HP JDV and Sanford vie for clients

CLIENTS are shaping up to be the key to HP JDV’s move onto the register of rival WA broking technology player Sanford.

But just whose clients remains a big question, as both players lay claim to having the answers in the increasingly hot com-petition in stock broking technology out-sourcing, where both companies operate.

Last week it emerged HP JDV, the parent of Hartley Poynton, had built a stake of more than 3 per cent in Sanford.

HP JDV managing director Tim Moore refused to confirm the move or comment on the strategy behind such a position.

However, insiders have denied the move is aimed at insuring against a threat and pointed to Sanford’s single biggest client and investor National Australia Bank as one of the key areas of value for HP JDV.

NAB’s online broking service is run by Sanford in a similar outsourcing arrangement to HP-JDV’s business, with major shareholder Westpac and a host of other big institutions like AMP, Suncorp, BT and Macquarie.

Sanford also has a strong retail online customer base of 45,000 investors, an area Hartley Poynton has shunned under its own brand, but which could easily fit into its business model.

Sanford chief and recent WA Business News 40under40 winner Steven Goh said he was amused by the sudden play that came at a time of consolidation in the industry.

Mr Goh said Sanford’s ownership of the technology it used was a big strength as the market rapidly moved to capture wholesale business particularly from accounting and financial planning groups that had access to around 60 per cent of share investors.

He said these investors represented those whose portfolio value was too small to be of interest to full service brokers but did not trade enough to attract the online brokers.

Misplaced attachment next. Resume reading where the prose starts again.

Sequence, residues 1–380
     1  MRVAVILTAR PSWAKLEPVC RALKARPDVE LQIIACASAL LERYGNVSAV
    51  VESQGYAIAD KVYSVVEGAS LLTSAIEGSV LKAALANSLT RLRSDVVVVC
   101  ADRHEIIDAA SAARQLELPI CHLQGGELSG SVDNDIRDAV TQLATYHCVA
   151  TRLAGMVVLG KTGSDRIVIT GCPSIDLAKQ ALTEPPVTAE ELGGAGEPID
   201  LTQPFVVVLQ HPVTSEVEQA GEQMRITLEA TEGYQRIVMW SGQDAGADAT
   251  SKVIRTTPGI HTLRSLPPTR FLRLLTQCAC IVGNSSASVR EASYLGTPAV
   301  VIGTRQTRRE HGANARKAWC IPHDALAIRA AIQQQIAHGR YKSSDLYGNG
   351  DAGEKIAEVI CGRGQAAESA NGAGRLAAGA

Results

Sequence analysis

“There is a lot of rationalisation in the financial planning industry,” Mr Goh said.

“That is about simplifying relationships. We play in that space.

“In 12 months from now, Sanford will look more like a super-enabled version of Sealcorp, rather than an online broker.”

He said the HP JDV move came at a time of balance sheet weakness for Sanford.

But at least one senior HP JDV executive discounted the financial planning side as a key motivation.

“The key bits (in Sanford) are its own retail client base and relationship with NAB,” the source said.

There are other differences in opinion. HP JDV is happy to use other players’ technology in its systems, aiming to hold the middle ground in the technology field that will interact with other back-office systems.

In this way, the company claims it has more flexibility and can fit in with any of the big players’ needs in a bid to get the scale needed to make transaction-processing profitable.


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